I just finished book I of “The Republic” after having a very stimulating conversation on politics over dinner. (Before I go on, and before you go on, read “The Republic.” I know it sounds scary. That’s why I waited. But I was stupid and don’t want you to make the same mistake. It’s a really great book.)
Anyways, the thought I had was on how deep conversation is perceived. I am often asked after I’ve had a particularly good discussion with another person, “So, did you get anywhere?” I’ve always been annoyed by this question, but kept it to myself because I assumed my questioner was right: philosophy doesn’t ‘progress’ in a straight line like most other fields. Often the conclusions of an hour of discussion land the discussants very close to where they started. I was usually embarrassed that we had not made much ‘progress’ towards solving the Problem of Governance in an hour as we would have if we were discussing a crossword puzzle (we might have even finished it).
But I do not think that way anymore. Because, as I have seen them, there are at least three good reasons why studying and discussing philosophy is a good idea. And don’t get tripped up on the word “philosophy” (“phileo” = love; “sophy” = wisdom); I mean discussing hard questions that don’t have easy answers. This covers everything from God’s existence to the wrongness of pirating music. Ultimately, what is the Good that we should pursue and the True that we should believe? These aren’t dry academic discussions about nothing for no end; they’re the essence and motivation of all our decisions. When I say ‘philosophy’ I don’t mean the class you took as a gen-ed requirement.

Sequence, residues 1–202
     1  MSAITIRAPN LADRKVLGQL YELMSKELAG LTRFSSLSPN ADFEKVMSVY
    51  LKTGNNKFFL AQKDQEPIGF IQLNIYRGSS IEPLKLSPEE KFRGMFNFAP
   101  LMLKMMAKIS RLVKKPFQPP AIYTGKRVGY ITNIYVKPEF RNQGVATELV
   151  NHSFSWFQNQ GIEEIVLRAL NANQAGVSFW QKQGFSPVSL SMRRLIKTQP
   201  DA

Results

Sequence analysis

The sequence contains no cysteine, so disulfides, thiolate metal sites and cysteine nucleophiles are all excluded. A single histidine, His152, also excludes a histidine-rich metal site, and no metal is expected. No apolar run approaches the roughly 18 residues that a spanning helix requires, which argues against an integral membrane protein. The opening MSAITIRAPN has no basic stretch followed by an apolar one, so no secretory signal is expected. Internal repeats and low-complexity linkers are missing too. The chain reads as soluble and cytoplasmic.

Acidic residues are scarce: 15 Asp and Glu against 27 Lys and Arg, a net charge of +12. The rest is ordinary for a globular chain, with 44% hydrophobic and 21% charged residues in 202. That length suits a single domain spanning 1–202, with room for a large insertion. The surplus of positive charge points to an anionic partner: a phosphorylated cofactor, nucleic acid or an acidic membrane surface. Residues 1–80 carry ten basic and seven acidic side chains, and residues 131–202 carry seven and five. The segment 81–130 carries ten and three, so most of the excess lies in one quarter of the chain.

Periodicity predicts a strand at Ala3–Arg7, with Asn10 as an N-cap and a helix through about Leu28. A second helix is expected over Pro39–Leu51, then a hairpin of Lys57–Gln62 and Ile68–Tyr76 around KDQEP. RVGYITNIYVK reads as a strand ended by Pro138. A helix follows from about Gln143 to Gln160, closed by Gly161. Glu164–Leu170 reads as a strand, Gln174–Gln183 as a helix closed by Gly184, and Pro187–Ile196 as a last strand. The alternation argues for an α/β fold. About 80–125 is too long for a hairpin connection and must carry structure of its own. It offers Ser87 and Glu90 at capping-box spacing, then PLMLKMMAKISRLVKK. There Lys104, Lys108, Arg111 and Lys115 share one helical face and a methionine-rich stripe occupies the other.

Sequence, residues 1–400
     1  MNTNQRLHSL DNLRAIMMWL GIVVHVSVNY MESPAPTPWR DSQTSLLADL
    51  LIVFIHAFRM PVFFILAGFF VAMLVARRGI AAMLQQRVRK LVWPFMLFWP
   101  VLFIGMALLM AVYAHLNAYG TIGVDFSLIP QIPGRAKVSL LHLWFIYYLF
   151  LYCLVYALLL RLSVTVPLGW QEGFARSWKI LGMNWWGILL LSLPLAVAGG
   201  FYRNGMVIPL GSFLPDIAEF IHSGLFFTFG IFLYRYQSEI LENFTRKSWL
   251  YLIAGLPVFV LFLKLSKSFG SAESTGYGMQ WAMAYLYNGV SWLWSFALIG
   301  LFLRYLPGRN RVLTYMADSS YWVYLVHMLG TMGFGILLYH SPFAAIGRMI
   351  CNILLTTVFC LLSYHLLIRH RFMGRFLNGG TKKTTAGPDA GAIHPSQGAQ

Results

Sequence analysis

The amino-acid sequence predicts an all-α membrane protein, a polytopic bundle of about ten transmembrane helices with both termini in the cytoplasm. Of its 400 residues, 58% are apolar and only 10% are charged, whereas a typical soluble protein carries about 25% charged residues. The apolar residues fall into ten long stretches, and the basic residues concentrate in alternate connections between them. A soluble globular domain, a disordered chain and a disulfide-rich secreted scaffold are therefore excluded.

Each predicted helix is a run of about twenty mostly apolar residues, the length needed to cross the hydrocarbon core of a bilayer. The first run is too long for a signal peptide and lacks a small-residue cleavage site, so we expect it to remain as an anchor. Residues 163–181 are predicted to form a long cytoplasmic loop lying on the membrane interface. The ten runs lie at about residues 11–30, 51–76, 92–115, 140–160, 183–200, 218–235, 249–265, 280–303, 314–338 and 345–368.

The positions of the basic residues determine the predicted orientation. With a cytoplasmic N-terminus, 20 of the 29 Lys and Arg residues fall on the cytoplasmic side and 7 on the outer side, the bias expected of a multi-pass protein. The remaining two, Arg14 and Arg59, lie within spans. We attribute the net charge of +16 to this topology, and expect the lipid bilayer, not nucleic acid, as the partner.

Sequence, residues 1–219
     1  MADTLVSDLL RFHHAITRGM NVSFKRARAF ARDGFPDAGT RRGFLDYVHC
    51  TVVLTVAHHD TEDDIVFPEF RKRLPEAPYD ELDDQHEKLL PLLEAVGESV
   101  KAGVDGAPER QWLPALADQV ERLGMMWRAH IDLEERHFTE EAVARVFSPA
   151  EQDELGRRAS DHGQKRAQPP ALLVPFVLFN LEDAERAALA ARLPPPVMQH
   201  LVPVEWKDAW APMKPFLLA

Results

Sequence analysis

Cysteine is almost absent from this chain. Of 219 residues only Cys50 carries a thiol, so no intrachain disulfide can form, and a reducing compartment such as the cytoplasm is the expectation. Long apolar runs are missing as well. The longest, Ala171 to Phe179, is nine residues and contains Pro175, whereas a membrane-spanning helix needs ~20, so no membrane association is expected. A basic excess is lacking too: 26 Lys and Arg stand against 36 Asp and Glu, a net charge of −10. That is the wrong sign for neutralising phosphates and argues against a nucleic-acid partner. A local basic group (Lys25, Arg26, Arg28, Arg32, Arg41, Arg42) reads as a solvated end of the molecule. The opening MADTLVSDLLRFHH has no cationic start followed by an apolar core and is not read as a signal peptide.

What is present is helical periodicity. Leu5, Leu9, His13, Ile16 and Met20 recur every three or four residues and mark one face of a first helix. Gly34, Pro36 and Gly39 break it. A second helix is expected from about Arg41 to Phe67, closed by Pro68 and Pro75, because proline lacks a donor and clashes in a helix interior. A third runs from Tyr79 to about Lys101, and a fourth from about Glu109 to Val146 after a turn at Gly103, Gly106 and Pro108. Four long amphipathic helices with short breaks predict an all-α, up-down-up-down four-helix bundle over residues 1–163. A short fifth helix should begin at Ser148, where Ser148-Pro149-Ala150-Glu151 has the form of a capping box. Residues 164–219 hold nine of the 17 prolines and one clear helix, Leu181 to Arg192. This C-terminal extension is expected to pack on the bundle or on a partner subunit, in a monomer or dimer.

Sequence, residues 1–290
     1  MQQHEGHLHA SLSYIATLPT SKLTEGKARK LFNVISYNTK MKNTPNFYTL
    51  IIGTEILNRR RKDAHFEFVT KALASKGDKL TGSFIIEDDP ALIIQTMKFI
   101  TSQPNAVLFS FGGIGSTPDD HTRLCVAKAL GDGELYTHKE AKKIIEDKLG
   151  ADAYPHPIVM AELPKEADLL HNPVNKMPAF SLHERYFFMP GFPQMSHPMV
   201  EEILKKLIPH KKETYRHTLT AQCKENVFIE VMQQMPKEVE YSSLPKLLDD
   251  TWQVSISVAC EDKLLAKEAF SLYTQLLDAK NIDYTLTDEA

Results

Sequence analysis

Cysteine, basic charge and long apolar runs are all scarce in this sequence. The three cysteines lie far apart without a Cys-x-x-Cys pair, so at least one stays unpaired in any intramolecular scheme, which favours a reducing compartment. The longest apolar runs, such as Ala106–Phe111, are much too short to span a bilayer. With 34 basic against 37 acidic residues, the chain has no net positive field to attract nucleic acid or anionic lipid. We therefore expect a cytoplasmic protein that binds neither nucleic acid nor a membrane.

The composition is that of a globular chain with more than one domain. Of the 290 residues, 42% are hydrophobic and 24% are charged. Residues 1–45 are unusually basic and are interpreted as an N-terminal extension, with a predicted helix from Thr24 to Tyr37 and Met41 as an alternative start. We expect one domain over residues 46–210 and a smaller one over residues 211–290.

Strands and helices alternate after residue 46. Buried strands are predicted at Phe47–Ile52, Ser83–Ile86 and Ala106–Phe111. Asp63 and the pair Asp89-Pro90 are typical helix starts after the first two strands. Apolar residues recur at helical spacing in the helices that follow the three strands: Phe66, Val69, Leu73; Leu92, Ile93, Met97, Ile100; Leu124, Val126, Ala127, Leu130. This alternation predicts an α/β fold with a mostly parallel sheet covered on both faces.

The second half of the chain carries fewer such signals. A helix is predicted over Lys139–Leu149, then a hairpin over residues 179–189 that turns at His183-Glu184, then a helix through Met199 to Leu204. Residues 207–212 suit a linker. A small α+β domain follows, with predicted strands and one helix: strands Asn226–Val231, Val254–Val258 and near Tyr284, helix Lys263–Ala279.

#1 Philosophy is good exercise
Imagine a race run in a circuit. The gun goes off, and the race begins. The fastest racers stay together, neck and neck, running hard for mile after grueling mile. Two pull ahead of the rest, sweating hard. Finally one of them, in a final exertion, gets ahead and wins the race. And then from the bleachers an onlooker, empty popcorn bag in hand, snipes to the winner, “So, did you get anywhere?” Such a question should be answered by something like, “No, ***hole, I didn’t. I just ran a ****ing race.”  This is sometimes how I feel when that question is posed to me after a good discussion. Someone who didn’t do any work presumes that the point of the exertion was to ‘get somewhere,’ and, seeing no ‘progress,’ mocks the waste of time and sweat.
Having a philosophical discussion makes you a stronger person. I got this idea from Francis Bacon who said, “So every defect of the mind, may have a special receipt”. He doesn’t see the mind as a muscle; it’s more like a body. There are multiple muscles that need exercising, and so different exercises for each. There is a part of our mind which reasons philosophically, and by exercising it, it gets stronger. Philosophical discussion about topics so big they won’t get solved are like dumbbells: not directly useful (though valuable, see #3), but weights which when lifted repeatedly, make a person strong for other, more useful endeavors (see #2).
 *** = ‘ant’ and **** = ‘frak’ above
 Francis Bacon's essay "On Studies": “Bowling is good for the stone and reins; shooting for the lungs and breast… So if a man's wit be wandering, let him study the mathematics; for in demonstrations, if his wit be called away never so little, he must begin again … So every defect of the mind, may have a special receipt.” [As a side note, I love being able to remember three words in an essay I read two years ago that was written five centuries ago, typing them into Google, and then being presented with the entire essay in a matter of seconds.]
Part 1; Part 2; Part 3